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Compared to the rest of the United States, Texas has a small percentage of publicly owned lands. Somewhere around three percent of the state is publicly owned land, and much of that resides in the Big Bend region. These facts have presented Texans with a unique challenge that has netted interesting results.
Some of the best mountain bike trails are found on privately owned and operated ranches. While these private trails do not benefit from state or federal maintenance funds, the land owners do have a vested interest in ensuring that the trails are maintained and may be enjoyed by cyclists. The investment that trail-ranch owners have made to ensure that the Texas mountain bike community has great singletrack opportunities available has resulted in a shining example of how the bicycle community has an impact on the Texas economy.
Because many of the trails that are open to mountain biking in Texas reside on private land, Texas mountain bikers have a greater incentive to observe the rules of the trail. Below are guidlines formulated by the International Mountain Bicycling Association (IMBA). These rules are recognized around the world as the standard code of conduct for mountain bikers. Help keep trails open by setting a good example of environmentally sound and socially responsible off-road cycling. Please keep in mind that each ranch may have its own set of Trail Rules, and users should research these while planning the trip. The way we ride today shapes mountain bike trail access tomorrow. Do your part to preserve and enhance our sport’s access and image by observing the following rules of the trail.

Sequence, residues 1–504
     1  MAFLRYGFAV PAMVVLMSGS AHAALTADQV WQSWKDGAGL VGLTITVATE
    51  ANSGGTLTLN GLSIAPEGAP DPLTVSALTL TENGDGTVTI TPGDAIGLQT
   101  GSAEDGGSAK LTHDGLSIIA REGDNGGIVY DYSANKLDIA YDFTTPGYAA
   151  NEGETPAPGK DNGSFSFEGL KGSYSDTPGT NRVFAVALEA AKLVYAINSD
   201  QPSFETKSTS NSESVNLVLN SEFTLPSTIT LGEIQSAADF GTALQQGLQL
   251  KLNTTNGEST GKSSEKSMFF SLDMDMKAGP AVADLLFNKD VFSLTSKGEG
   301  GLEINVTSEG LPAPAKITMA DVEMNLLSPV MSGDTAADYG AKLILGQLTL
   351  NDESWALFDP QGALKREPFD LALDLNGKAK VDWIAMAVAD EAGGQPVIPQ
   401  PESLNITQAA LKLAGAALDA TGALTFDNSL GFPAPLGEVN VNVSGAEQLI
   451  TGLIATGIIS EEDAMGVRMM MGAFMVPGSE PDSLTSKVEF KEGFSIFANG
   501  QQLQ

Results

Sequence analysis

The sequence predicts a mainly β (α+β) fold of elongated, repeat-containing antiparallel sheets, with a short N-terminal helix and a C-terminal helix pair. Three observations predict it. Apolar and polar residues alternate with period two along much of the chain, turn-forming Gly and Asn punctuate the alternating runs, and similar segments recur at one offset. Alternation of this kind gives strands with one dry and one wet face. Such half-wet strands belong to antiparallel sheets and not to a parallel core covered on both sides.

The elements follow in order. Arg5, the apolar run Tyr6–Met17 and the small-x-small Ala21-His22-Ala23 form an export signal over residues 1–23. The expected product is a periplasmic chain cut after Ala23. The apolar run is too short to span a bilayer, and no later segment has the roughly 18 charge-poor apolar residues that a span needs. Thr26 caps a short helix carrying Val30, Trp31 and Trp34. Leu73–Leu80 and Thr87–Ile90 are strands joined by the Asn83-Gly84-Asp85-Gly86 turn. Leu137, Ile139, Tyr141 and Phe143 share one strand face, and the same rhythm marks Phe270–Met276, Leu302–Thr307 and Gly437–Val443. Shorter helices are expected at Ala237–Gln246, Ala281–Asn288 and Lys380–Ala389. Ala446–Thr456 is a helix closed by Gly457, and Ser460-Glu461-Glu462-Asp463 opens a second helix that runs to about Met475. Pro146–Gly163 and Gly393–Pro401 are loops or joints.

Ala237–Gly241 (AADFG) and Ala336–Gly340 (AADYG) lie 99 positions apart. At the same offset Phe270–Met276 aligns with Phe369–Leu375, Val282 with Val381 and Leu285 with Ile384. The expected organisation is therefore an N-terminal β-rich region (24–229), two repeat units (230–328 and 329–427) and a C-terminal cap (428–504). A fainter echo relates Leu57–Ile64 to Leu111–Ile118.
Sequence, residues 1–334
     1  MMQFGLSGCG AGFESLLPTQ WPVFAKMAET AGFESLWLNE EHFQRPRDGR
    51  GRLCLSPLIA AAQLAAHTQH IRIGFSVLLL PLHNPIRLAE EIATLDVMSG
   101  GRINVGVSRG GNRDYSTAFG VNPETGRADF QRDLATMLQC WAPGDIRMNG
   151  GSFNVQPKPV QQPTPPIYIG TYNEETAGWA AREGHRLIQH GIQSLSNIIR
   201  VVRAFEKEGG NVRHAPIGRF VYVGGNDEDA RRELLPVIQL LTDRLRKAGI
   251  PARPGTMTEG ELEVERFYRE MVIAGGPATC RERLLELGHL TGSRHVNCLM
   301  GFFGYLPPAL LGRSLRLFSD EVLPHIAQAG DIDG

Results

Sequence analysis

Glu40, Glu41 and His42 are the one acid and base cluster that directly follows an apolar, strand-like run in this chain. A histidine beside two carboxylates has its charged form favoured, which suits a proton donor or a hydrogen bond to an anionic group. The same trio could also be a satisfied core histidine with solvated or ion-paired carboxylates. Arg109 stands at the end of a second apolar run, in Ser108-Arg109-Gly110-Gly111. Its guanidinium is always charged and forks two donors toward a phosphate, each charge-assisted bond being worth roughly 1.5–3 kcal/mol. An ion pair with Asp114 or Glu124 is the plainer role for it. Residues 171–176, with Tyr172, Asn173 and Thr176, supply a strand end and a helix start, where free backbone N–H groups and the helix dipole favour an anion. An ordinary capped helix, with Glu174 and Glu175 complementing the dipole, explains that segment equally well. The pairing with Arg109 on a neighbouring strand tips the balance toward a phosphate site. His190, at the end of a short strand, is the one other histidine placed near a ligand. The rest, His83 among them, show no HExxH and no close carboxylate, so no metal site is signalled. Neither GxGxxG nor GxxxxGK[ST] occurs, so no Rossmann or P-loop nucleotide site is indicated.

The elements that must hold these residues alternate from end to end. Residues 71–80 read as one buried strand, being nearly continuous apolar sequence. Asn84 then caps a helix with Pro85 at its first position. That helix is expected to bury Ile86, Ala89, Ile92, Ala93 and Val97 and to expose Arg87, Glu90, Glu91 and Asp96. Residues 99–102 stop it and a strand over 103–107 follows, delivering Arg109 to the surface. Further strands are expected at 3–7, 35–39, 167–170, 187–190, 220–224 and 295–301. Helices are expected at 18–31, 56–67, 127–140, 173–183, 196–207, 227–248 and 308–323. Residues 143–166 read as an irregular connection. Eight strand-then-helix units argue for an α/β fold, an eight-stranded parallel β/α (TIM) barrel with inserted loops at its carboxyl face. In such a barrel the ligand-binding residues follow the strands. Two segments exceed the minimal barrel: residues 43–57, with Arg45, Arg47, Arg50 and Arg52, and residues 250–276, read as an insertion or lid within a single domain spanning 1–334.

IMBA Rules of the Trail
1. Ride On Open Trails Only
Respect trail and road closures (ask if uncertain); avoid trespassing on private land; and obtain permits or other authorization as may be required. Federal and state Wilderness areas are closed to cycling. The way you ride will influence trail management decisions and policies.
2. Leave No Trace
Be sensitive to the dirt beneath you. Recognize different types of soils and trail construction; practice low-impact cycling. Wet and muddy trails are more vulnerable to damage. When the trail bed is soft, consider other riding options. This also means staying on existing trails and not creating new ones. Don’t cut switchbacks. Be sure to pack out at least as much as you pack in.
3. Control Your Bicycle
Inattention for even a second can cause problems. Obey all bicycle speed regulations and recommendations.
4. Always Yield Trail
Let your fellow trail users know you’re coming. A friendly greeting or bell is considerate and works well; don’t startle others. Show your respect when passing by slowing to a walking pace or even stopping. Anticipate other trail users around corners or in blind spots. Yielding means slowing down, establishing communication, being prepared to stop if necessary, and passing safely.
5. Never Scare Animals
All animals are startled by an unannounced approach, a sudden movement, or a loud noise. This can be dangerous for you, others, and the animals. Give animals extra room and time to adjust to you. When passing horses, use special care and follow directions from the horseback riders (ask if you are uncertain). Running cattle and disturbing wildlife are serious offenses. Leave gates as you found them, or as marked.
6. Plan Ahead
Know your equipment, your ability, and the area in which you are riding – and prepare accordingly. Be self-sufficient at all times, keep your equipment in good repair, and carry necessary supplies for changes in weather or other conditions. A well-executed trip is a satisfaction to you and not a burden to others. Always wear a helmet and appropriate safety gear.